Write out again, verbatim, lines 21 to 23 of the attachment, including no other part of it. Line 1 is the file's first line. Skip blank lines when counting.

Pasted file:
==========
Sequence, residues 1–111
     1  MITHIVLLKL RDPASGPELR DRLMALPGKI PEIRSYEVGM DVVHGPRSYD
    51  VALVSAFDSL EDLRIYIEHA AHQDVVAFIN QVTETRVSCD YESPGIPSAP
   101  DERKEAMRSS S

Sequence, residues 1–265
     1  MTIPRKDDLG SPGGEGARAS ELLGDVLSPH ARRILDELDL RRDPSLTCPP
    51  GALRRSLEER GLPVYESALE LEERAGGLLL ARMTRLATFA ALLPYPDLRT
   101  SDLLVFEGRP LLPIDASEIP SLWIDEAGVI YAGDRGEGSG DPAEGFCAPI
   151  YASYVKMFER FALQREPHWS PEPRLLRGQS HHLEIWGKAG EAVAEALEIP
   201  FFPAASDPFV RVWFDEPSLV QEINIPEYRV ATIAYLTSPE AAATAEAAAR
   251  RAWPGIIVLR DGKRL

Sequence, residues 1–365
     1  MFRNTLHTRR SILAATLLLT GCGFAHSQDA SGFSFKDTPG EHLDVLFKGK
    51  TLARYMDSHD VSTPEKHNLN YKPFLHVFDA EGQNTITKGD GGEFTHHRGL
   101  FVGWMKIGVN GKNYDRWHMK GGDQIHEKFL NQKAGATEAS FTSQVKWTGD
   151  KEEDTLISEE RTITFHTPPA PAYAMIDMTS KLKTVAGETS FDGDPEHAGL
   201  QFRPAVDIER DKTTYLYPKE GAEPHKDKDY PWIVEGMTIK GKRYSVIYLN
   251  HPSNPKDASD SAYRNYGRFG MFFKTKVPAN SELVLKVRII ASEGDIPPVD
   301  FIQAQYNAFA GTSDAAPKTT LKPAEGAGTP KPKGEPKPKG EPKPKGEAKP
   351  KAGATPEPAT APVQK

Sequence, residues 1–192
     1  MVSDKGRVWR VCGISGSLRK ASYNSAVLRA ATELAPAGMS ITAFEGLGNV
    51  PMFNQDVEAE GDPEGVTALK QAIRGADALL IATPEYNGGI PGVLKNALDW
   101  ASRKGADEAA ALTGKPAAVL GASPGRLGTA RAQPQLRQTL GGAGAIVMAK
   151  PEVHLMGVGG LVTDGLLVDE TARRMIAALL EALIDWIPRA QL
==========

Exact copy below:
Sequence, residues 1–192
     1  MVSDKGRVWR VCGISGSLRK ASYNSAVLRA ATELAPAGMS ITAFEGLGNV
    51  PMFNQDVEAE GDPEGVTALK QAIRGADALL IATPEYNGGI PGVLKNALDW